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The Democratic Strategist

Political Strategy for a Permanent Democratic Majority

Political Strategy Notes

Regarding Trump’s statements on the racist violence in Charlottesville, one of the better comments comes from Joanathan Greenblatt, CEO of the Anti-Defamation League, quoted in Glenn Thrush’s New York Times article “Trump Condemns Racists, But Creates New Uproar.” Greenblatt cut to the core issue: “The president should make sure that no one on his staff has ties to white supremacists,” Jonathan Greenblatt, the chief executive officer of the Anti-Defamation League, said in a telephone briefing on Monday afternoon. He added, “Nor should they be on the payroll of the American people.”…He said that the Justice Department and the Office of Government Ethics should “do an investigation and make that determination” to see if anyone in the White House has had links to hate groups.” As Thrush notes, “Mr. Trump has had a career-long pattern of delaying and muting his criticism of white nationalism. During the 2016 presidential campaign, he refused to immediately denounce David Duke, a former Klansman who supported his candidacy.”

In the wake of hate group violence in Charlottesville, veteran union organizer Gabriel Kristal suggests “A Working-Class Strategy for Defeating White Supremacy” at In These Times, and notes, “Contrary to the narrative put forth in the mainstream—and even some left—media, some of the most significant work confronting homophobia, sexism and racism has been done by working-class people of all ethnicities through collective struggle in the labor movement…We need to reach working people with authentic left-wing populism, which will win against the phony rightwing variety every time…To advance anti-racism on the macro scale, we need to collectively engage in popular struggle, rooted in a left platform that is relevant and intuitive for poor and working people. There should be an immediate creation of a hopeful, broad-based mission that is winnable, which will serve to expand the resistance movement and create an organized majority to kill pernicious nationalism, masquerading as populism…Let’s build relationships, go organize and actually get regular people excited about politics again. That’s how we do the real work to change people’s hearts and minds on race, gender, sexual identity and ethnicity.”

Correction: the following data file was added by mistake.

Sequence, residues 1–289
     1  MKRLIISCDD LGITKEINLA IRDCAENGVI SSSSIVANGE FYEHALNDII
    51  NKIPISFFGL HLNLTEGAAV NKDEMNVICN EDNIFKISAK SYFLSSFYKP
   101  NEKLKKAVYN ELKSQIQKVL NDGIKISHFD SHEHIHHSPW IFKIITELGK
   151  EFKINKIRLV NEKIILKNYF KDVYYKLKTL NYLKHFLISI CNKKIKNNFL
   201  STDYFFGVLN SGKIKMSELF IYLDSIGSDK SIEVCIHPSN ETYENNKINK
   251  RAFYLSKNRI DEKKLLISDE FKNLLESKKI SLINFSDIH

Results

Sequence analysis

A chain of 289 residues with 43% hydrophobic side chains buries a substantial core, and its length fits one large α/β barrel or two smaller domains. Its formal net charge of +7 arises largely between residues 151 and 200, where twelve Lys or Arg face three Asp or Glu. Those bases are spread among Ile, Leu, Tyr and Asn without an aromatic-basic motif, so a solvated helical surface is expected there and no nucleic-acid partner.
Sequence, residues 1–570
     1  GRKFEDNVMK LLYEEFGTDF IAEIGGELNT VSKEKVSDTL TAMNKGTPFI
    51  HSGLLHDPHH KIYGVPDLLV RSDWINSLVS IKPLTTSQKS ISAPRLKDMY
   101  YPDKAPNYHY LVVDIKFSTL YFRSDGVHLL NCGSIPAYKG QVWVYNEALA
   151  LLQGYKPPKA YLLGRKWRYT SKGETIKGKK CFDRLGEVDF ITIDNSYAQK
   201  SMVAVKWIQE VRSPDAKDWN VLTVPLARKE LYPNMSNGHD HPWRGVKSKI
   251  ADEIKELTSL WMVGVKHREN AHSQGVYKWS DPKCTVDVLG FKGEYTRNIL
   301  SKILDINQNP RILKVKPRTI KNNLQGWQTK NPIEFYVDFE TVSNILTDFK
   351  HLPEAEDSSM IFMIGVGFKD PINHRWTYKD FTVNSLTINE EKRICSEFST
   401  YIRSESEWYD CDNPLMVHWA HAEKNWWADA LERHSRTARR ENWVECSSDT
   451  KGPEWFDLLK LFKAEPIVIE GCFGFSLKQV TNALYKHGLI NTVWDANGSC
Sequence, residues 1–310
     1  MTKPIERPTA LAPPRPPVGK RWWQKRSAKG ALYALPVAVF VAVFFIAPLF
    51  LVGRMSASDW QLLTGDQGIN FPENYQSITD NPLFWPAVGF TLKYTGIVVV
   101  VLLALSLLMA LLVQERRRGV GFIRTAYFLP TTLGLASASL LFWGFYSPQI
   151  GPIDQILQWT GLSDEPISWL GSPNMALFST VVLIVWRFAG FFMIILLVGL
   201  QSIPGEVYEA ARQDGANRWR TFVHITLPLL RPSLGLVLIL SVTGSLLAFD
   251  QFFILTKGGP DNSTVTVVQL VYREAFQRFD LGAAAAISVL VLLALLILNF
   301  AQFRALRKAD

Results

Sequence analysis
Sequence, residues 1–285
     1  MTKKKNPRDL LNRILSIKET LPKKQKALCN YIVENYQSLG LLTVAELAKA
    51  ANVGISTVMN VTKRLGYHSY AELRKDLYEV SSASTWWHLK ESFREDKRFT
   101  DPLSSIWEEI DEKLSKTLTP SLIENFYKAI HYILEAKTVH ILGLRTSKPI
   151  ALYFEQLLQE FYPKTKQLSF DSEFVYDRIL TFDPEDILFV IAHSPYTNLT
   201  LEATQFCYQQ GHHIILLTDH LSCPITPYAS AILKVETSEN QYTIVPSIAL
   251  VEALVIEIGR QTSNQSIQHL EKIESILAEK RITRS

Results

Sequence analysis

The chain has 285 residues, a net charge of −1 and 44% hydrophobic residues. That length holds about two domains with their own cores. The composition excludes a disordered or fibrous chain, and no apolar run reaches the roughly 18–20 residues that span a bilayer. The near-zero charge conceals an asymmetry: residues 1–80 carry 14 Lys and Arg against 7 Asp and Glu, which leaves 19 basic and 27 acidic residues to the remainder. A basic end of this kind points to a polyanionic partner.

Sen. Elizabeth Warren is getting lots of favorable buzz for her Netroots Nation speech, which charted a clear course for progressives and Democrats. David Weigel reports that  Warren said, “We’re not going back to the days when a Democrat who wanted to run for a seat in Washington first had to grovel on Wall Street…We’re not going back to the days when universal health care was something Democrats talked about on the campaign trail but were too chicken to fight for after they got elected. It’s not enough just to defend the Affordable Care Act, we’re going to improve it, starting with bringing down the costs of prescription drugs — and leading the fight for Medicare for all…We’re going to fight to make it easier for workers to come together to form a union so they can take power into their own hands. And we’re going to turn the minimum wage into a living wage. Fight for $15!…I say we can care about a dad who’s worried that his kid will have to move away from their factory town to find good work – and we can care about a mom who’s worried that her kid will get shot during a traffic stop.”

Former Democratic governor of Pennsylvania Ed Rendell urges a more moderate approach and suggests “5 ways Democrats can win back power in the states.” Writing at The Hill, Rendell, considered a centrist Democrat, urges Democrats to: 1. “Recruit good candidates for governor and state elections; 2. Be the big tent party we as Democrats always say we are; 3. Remember what Clinton said: “It’s the economy, stupid”; 4. Take strong positions but explain how to get them into law, and; 5. Continue to push for changes in how redistricting is done.